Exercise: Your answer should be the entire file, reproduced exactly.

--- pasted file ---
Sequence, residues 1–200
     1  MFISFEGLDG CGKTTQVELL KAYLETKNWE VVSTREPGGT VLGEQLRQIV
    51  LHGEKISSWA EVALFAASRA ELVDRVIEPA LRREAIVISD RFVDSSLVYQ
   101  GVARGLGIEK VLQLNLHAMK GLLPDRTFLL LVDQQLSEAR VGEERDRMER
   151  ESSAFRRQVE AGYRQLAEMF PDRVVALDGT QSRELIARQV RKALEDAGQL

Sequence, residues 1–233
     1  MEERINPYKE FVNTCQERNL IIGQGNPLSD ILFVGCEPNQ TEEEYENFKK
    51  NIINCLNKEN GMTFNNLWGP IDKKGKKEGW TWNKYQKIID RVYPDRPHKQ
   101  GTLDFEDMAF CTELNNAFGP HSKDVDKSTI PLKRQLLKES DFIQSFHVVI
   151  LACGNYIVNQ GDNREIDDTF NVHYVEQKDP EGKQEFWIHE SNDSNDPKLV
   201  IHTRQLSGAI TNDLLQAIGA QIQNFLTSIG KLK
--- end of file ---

Sequence, residues 1–200
     1  MFISFEGLDG CGKTTQVELL KAYLETKNWE VVSTREPGGT VLGEQLRQIV
    51  LHGEKISSWA EVALFAASRA ELVDRVIEPA LRREAIVISD RFVDSSLVYQ
   101  GVARGLGIEK VLQLNLHAMK GLLPDRTFLL LVDQQLSEAR VGEERDRMER
   151  ESSAFRRQVE AGYRQLAEMF PDRVVALDGT QSRELIARQV RKALEDAGQL

Sequence, residues 1–233
     1  MEERINPYKE FVNTCQERNL IIGQGNPLSD ILFVGCEPNQ TEEEYENFKK
    51  NIINCLNKEN GMTFNNLWGP IDKKGKKEGW TWNKYQKIID RVYPDRPHKQ
   101  GTLDFEDMAF CTELNNAFGP HSKDVDKSTI PLKRQLLKES DFIQSFHVVI
   151  LACGNYIVNQ GDNREIDDTF NVHYVEQKDP EGKQEFWIHE SNDSNDPKLV
   201  IHTRQLSGAI TNDLLQAIGA QIQNFLTSIG KLK